New Video: The Dreamy Shoegaze-leaning Soundscape of Montreal’s No Joy

Since their formation in 2009, the Montreal-based shoegaze duo No Joy, comprised of Jasamine White-Gluz and Laura Lloyd have quietly developed a reputation both nationally and Stateside as being one of the more beguiling and captivating presences within the scene — in particular having a well-known reputation for producing an enormous sound while being rather shy. In fact, principle songwriter and vocalist White-Gluz was known to prefer staying hidden off to the corner of the stage than stand center stage, and for their recordings, White-Gluz’s vocals were never too high or loud within the mix and were frequently obscured by layers upon layers of guitars; however, the duo’s latest effort CREEP reportedly finds White-Gluz and Lloyd playing and singing with a swaggering confidence and cool self-assuredness with the material pushing the band’s sound in new directions as it draws from industrial electronica, ambient electronic, pop and other sources in a way that’s dimly reminiscent of Violens’ fantastic Amoral. Almost unsurprisingly, former Violens frontman and primary songwriter Jorge Elbrecht co-wrote and produced CREEP EP, assisting in creating a soundscape that sounds and feels familiar and boundary-pushing.

CREEP’s latest single “Hellhole” features White-Gluz’s ethereal crooning over a twisting and turning arrangement featuring blazing power chords, heavy metal-like downtuned bass, twinkling and shimmering synths, four-on-the floor drumming and an anthemic hook to create a song that juxtaposes light and dark, air and earth, masculine aggression and feminine wiles.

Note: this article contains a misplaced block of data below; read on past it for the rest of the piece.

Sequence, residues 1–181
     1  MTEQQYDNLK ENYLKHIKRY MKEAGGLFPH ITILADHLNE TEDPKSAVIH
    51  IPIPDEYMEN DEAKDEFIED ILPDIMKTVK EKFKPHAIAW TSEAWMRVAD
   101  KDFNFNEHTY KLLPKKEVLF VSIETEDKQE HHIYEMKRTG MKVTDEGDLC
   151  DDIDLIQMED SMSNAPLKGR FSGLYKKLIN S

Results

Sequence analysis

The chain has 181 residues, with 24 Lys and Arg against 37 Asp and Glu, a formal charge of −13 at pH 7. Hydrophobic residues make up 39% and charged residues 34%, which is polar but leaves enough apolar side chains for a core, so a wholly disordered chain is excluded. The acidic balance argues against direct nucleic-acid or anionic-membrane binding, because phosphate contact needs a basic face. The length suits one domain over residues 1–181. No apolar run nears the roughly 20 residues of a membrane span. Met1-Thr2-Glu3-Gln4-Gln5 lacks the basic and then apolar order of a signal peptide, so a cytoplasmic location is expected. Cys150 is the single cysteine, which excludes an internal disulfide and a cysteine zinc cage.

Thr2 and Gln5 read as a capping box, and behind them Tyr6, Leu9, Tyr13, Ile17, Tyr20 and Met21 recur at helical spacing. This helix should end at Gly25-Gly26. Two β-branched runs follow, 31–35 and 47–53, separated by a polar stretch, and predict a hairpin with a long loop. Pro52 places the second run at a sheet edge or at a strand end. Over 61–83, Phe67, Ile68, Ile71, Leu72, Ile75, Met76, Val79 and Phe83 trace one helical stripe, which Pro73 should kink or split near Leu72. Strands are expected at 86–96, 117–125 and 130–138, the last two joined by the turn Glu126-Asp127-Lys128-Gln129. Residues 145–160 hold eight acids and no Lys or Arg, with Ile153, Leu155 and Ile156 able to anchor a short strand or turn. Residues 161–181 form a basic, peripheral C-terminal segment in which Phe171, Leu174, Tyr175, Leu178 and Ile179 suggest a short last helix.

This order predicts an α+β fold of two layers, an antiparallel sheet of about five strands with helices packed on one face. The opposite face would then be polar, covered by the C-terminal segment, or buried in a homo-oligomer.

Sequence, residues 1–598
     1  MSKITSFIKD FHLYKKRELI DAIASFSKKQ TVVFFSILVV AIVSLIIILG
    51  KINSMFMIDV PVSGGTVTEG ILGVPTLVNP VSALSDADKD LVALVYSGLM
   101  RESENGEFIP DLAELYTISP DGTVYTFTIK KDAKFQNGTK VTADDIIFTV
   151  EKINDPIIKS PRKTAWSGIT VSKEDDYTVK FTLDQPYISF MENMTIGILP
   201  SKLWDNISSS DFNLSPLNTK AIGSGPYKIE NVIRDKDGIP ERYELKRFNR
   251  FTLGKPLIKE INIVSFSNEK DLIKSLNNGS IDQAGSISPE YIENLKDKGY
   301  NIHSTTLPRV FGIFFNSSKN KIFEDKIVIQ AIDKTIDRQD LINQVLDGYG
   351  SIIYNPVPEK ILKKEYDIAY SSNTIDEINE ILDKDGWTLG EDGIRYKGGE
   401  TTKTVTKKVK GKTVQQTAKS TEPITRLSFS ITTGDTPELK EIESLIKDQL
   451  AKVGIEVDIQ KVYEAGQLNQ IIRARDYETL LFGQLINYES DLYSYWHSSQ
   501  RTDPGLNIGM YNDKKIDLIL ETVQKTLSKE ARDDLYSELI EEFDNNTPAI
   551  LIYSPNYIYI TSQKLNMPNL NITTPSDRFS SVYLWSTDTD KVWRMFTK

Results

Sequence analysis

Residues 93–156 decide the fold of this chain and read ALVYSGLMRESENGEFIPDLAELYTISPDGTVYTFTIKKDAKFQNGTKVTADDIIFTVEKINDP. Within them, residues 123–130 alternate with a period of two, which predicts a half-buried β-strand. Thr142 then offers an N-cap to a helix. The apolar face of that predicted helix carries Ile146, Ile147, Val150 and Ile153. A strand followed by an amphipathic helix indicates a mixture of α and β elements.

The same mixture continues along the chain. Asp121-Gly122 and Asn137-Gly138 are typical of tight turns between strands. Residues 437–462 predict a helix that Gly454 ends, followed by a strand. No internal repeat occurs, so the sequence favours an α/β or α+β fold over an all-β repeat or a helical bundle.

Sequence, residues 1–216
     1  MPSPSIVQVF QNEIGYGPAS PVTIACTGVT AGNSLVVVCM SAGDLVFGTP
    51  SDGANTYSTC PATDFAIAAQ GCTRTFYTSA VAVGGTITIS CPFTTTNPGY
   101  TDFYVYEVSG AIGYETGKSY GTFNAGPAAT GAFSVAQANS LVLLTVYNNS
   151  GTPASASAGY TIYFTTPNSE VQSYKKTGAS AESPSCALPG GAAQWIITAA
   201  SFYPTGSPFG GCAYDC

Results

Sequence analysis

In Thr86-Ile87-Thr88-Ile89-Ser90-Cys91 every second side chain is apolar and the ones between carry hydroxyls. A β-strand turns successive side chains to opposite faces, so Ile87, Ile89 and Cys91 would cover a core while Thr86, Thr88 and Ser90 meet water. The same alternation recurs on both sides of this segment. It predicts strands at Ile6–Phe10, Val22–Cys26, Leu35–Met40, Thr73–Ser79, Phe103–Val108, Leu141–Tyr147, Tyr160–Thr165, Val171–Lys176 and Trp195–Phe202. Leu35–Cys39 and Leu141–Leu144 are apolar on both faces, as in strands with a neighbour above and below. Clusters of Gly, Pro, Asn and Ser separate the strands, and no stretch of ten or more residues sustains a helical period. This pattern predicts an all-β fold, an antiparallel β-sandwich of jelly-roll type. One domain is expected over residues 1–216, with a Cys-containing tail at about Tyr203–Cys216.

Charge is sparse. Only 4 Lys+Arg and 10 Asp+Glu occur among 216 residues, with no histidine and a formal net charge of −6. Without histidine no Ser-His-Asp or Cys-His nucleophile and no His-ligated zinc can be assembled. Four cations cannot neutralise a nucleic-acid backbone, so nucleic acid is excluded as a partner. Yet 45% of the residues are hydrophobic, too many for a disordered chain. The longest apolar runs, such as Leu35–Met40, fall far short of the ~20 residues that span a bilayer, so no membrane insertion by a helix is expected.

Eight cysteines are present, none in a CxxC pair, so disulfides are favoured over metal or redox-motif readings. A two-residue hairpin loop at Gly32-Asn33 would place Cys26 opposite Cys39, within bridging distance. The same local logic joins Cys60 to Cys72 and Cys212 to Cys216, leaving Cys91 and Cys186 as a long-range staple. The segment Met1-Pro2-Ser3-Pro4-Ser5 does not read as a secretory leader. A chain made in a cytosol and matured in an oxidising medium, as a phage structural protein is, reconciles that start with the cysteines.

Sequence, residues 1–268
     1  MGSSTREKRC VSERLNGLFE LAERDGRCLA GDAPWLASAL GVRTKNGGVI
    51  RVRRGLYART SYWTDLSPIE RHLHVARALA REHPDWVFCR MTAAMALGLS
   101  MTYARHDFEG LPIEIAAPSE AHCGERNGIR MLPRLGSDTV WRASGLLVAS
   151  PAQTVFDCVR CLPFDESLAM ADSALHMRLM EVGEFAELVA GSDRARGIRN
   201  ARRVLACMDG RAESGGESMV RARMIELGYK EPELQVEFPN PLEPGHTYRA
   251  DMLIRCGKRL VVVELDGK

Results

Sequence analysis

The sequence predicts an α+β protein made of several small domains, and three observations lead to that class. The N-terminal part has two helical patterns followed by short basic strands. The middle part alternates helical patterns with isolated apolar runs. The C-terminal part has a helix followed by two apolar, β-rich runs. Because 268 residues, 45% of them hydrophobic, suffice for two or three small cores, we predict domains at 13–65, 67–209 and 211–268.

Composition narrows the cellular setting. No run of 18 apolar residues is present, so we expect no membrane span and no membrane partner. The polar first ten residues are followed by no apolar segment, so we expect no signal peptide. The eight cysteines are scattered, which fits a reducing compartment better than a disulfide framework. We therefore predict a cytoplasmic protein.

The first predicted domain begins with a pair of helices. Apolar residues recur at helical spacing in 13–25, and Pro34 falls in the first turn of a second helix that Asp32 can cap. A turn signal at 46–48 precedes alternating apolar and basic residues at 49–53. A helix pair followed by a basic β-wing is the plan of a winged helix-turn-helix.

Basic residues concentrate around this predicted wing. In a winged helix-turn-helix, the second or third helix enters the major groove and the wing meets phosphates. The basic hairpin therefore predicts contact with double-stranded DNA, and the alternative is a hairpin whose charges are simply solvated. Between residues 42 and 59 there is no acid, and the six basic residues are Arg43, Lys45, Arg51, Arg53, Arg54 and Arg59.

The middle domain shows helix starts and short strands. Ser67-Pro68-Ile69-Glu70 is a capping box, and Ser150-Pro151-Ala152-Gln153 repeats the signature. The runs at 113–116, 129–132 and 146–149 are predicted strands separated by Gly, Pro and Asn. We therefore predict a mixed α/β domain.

The recently released music video for “Hellhole” features grainy VHS home video footage of Jasamine White-Gluz as a teenage, making a lovingly clumsy attempt at a Sheryl Crow video — and while White-Gluz was a typical, goofy teen, you can see the sincerity and ambition that drives the woman in the girl and vice versa.

DJ Manipulator and Louie Gonz are a Massachusetts-based hip-hop duo, who have recorded together in a variety of ways over the years; however, 2014’s Private Stock was the duo’s debut as a collaborative unit.  With “This Sound,” the silky smooth, looped jazz flute and xylophone-based first single off the duo’s highly-anticipated, soon-to-be released sophomore effort The Loops, the duo intends for the single and the album to be a bold reintroduction to the duo, whose DJ Manipulator-based production draws from golden era hip-hop while being a slick and self-assured collaboration with renowned Los Angeles-based emcee Blu.  It’s no bullshit, no frills hip-hop — two dope emcees adeptly trading quote worthy bars over a slick and soulful production.